2. Downata Hot Springs
Located in Downey, Idaho, Downata Hot Springs is a paradise for both adults and children.
The ideal place for a family vacation, Downata Hot Springs is open year-round and offers handicap-accessible 102 – 106°F hot springs pools with jets (and color-changing lights for evening soakers!), and a separate large, chlorinated outdoor swimming pool with four fun water slides and a water playground. Both are surrounded by green, shady areas and there is a lifeguard on duty for your safety. The swimming pools average 85 – 99°F in summer and 95 – 101°F in winter.
Nearby is a clean bathroom, pay-per-minute shower facilities, and simple picnic tables.
Dine here (try the rib-eye!), and if you choose to stay, bring your tent, or choose from their huge variety of other accommodation options – go to the resort’s site yourself to check it out! We particularly like the large yurts and cute modern cabins.
3. Silver Creek Plunge
Nestled in the heart of Boise National Forest, surrounded by the magnificent aroma of pine trees and the sound of Silver Creek bubbling by, Silver Creek Plunge resort prides itself on being a big and fun family-friendly facility, boasting numerous ways to keep everyone entertained between their relaxing soaks!
Silver Creek Plunge Resort has been serving guests since 1957, who love to use it not only as a place to revive in mineral-packed waters, but as a base to explore the Boise town and forest. There is only one hot spring pool at Silver Plunge, but it is big enough to accommodate up to 20 people and is within a short walk of all lodgings.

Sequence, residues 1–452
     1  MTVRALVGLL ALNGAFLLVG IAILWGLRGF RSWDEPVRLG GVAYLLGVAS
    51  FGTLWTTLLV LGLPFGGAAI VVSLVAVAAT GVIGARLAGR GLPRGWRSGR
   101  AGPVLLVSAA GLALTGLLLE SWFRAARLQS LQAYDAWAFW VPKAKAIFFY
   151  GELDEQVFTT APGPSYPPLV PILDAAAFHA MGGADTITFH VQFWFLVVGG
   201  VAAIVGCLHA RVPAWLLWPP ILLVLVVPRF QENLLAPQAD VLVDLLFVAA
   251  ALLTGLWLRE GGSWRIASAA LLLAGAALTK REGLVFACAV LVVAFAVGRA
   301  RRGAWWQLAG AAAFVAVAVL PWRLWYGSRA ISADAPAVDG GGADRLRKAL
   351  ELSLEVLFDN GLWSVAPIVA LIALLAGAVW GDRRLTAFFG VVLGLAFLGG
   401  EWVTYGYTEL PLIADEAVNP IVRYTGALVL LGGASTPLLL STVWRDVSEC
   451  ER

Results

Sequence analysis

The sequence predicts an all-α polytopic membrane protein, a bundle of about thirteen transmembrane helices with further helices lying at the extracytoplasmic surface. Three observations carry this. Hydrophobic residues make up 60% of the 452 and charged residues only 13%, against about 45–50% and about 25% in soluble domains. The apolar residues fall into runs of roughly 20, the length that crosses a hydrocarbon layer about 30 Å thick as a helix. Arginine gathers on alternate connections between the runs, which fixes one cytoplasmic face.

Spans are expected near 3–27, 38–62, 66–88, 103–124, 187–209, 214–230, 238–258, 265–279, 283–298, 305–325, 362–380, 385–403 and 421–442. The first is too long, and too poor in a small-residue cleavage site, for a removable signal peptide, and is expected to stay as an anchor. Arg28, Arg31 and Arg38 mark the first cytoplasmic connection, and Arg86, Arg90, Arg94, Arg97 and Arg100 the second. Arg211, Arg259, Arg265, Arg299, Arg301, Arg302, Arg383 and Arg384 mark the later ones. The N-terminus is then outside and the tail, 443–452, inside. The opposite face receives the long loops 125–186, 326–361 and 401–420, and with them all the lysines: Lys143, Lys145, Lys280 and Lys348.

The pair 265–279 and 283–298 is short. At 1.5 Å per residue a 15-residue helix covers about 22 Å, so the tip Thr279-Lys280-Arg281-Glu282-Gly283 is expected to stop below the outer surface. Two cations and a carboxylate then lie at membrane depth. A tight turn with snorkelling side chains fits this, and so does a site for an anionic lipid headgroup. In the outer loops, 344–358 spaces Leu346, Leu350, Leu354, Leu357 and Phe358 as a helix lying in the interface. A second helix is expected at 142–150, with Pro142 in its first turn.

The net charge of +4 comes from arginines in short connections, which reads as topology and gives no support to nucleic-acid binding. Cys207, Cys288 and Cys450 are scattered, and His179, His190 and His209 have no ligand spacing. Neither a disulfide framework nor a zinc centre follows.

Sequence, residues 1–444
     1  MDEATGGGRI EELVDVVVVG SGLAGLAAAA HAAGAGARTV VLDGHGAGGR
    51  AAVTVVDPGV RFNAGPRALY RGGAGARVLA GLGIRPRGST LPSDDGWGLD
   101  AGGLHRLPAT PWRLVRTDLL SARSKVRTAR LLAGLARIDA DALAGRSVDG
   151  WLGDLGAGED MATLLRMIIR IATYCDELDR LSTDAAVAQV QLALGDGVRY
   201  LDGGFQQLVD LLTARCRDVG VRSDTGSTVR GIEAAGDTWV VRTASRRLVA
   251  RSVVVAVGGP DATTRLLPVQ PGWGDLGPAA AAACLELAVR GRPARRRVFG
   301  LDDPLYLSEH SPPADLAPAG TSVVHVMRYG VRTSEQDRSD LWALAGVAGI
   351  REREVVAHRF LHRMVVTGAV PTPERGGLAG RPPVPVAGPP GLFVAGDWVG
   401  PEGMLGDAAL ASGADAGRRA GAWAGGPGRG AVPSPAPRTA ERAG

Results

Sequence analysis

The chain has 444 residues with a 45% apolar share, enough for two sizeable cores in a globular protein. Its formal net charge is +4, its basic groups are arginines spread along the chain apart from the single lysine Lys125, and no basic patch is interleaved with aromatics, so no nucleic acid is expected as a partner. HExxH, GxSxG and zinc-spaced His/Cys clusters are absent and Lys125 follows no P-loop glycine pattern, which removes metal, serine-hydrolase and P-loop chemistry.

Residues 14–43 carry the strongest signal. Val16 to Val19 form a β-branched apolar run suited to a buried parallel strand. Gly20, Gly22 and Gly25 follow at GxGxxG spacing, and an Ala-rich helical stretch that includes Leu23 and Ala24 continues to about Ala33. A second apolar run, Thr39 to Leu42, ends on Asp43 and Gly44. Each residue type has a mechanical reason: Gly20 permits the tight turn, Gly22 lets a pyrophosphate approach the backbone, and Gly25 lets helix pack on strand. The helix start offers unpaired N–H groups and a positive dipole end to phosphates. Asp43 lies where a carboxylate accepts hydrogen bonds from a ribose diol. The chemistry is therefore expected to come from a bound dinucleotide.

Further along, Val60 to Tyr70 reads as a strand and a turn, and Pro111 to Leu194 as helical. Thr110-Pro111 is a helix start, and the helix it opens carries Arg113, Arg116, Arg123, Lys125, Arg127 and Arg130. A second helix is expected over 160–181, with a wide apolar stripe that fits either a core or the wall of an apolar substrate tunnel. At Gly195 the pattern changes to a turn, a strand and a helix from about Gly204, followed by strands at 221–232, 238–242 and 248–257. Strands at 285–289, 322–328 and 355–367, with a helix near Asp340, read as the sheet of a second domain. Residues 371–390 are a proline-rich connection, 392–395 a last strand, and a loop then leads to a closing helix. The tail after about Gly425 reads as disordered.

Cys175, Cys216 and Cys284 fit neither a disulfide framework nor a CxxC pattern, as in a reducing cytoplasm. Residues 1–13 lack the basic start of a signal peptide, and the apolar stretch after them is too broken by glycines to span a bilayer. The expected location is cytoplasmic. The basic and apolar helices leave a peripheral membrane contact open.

The pool holds 180,000 gallons of geothermal water, which flows in at around 102°F and out at 97°F, changing over every 6 hours, meaning it is a very clean soak you’ll be getting!
You can put up a tent here, bring your RV along, or book a “deluxe family unit” or “family cabin.”
4. Durfee Hot Springs
Run by four generations of the Durfee family, Durfee Hot Springs is a clean, simple, hidden gem of the state, much-loved by local adventurist rock climbers and hikers for its convenient proximity to destinations such as City of Rocks National Reserve and Castle Rocks State Park – they love to come here for a rejuvenating 104°F soak at the end of a tough day exploring!
Durfee offers well-maintained outdoor showers, bathrooms, and changing rooms, but no accommodation – so it’s a hike, soak-and-go kinda place. Head to the nearby towns of Almo and Twin Falls for hotels, etc.
5. Challis Hot Springs
Challis Hot Springs (also known as Beardsley Hot Springs) is the perfect destination for families, couples, and friends looking for somewhere civilized and quiet to really get back to nature.